Close Log in with or
Register here
Forgot password

Register with or
* Required fields
your profile is 33% complete:
Update profile Close
Thinking big about #tinyhouses
Architecture Architecture Tinyhouses

Sherri Spatuk and Mark Mahar are betting there is a big future in tiny homes. The first of what they hope will be many affordable housing units is now in the final stages of completion in the driveway of their Marshfield home. At 400 square feet, the home is approximately the size of a one bedroom apartment, although it feels much bigger inside as the pair has made the maximum use of every centimetre of space.
Sherri and Mark in front of their tinyhouse
"Less can really be more," Sherri noted.

Good friends in high school, the pair lost touch after graduation. Mark became a carpenter and later worked at his father's plumbing business. Both of those skills would prove to be vital in launching M4G Alternative Housing, since the couple can do all the work themselves with the exception of electrical wiring. Mark chose the company name, saying it is short for My Four Girls.

Like many young Islanders, they headed west and actually lived in the same Alberta town and shopped at many of the same stores - a fact they didn't discover until they moved home. They began to think about going into business for themselves about two years ago. "We were away from our children for long periods for work at our former jobs," Sherri explained. "We thought if we were going to work those kind of hours, it should be for something we are passionate about." Both of their families own their own business so they were well aware of the sacrifices and challenges being an entrepreneur entails. Why tiny houses? They both admit being fascinated by tiny house living and are convinced it is a housing option more and more people will consider in the future.
Mark and Sherri inside their tinyhouse kitchen
Their first step was to develop a business plan and conduct market research. When they started the process, Mark was expecting the largest target market would be millennials seeking an affordable first home without the major mortgage payment that often goes with it. They quickly discovered there is also considerable interest from seniors looking to downsize.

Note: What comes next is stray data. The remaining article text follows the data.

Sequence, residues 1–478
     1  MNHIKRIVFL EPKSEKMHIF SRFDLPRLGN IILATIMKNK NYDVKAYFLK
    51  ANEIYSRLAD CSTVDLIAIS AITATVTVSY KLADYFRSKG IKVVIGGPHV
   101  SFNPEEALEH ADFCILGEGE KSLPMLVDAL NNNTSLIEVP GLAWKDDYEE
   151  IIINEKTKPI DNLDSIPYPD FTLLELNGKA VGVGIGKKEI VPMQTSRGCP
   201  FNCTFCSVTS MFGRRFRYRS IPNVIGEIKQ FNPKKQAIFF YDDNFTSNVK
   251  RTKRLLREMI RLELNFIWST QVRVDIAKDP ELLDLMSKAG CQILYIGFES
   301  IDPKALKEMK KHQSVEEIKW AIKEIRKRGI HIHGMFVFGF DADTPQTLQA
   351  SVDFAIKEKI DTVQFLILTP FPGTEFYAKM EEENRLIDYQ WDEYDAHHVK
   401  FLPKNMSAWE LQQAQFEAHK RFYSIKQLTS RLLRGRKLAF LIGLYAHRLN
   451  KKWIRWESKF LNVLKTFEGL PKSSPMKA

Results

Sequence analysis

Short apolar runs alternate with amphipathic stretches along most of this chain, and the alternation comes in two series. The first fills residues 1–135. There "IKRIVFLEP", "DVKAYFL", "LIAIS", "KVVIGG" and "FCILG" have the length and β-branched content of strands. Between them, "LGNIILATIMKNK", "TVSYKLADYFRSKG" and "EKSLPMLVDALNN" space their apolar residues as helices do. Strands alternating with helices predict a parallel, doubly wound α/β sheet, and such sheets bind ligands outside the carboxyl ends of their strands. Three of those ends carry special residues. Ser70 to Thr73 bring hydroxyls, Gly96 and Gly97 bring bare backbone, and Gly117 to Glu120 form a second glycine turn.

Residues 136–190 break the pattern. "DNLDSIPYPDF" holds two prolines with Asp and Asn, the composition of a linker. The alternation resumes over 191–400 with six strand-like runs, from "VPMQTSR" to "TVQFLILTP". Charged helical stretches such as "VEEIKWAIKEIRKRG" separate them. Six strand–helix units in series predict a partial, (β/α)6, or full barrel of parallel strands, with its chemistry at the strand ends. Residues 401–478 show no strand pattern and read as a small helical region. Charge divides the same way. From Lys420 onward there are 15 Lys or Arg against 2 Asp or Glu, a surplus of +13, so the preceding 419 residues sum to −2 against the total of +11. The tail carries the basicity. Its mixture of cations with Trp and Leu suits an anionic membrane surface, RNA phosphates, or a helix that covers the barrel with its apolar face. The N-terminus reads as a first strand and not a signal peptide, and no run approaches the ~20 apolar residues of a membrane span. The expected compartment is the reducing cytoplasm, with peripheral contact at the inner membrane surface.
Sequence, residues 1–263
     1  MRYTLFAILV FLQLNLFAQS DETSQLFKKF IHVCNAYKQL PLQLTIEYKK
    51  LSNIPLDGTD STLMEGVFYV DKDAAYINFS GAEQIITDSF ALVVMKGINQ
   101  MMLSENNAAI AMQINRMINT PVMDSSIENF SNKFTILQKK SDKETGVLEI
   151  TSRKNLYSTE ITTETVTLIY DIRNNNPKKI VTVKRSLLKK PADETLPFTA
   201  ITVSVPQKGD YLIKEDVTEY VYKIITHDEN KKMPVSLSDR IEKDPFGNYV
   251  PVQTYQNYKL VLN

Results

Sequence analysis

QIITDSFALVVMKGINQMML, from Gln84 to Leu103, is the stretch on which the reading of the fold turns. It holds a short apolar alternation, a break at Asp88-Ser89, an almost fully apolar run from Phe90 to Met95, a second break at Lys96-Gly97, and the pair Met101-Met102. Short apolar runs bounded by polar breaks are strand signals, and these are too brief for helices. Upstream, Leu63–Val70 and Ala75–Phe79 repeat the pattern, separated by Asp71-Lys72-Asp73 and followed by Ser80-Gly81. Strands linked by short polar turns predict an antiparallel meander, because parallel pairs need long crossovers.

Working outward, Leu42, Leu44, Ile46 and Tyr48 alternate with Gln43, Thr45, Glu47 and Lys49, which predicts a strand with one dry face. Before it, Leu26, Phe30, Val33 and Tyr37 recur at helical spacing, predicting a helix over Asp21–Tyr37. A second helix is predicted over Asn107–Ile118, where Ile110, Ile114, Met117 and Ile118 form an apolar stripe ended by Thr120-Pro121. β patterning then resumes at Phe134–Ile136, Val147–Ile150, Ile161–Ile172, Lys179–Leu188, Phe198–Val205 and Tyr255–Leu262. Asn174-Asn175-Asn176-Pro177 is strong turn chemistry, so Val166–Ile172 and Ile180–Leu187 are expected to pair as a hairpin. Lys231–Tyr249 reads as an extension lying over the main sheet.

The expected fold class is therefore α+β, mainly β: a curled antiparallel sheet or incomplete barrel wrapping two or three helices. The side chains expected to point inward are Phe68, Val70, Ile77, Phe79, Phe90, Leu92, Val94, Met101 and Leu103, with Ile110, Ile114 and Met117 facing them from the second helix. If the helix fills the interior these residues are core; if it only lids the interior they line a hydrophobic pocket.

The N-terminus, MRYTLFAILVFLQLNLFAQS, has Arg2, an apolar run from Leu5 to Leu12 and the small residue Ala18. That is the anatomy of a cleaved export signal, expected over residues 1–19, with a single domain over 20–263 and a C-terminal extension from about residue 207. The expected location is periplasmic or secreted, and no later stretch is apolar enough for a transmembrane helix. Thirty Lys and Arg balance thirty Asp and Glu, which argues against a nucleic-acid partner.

"We have had a fair amount of interest but people are understandably waiting to see a finished product," Sherri said.

With business plan in hand, the couple approached the Montague Rural Action Centre and they can't say enough good things about the experience. In addition to providing funding, Mark said they are also there to answer questions and provide advice. "They have been just fantastic to deal with," says Sherri.

The couple began building their first home just two weeks after their daughter, Darcy, was born. While it took some juggling, Mark said it did allow both to spend time with their new-born. The house has taken longer than expected to complete, but they note that is due to some trial and error on everything from paint to suppliers. They hope to sell this structure to generate revenue, but down the road will look at constructing a show home on land they own in Souris. "We chose a basic design that is very adaptable," Mark explained. "We do have some flexibility to the make some changes to reflect the preferences of the buyer."
Sherri noted the building features high-end materials including energy efficient windows and doors, LED lighting and a heat pump to eliminate a dependence on oil.
As well, it also lends itself to other uses. For example, two units can be joined together (with a hallway up the middle) to transform into a cottage. They are also looking at building what they call “wet units" on their land in Souris. While they are the same size, these units contain only bathroom, shower and laundry facilities, and are designed to be public restrooms at beaches or campgrounds.
They are also looking at such uses as sheds, bunk houses or converted shipping containers. Thinking big, the pair isn't ruling out the development of alternative housing communities like one developed in Detroit. Sherri noted those houses were affordable for people with an income of $15,000.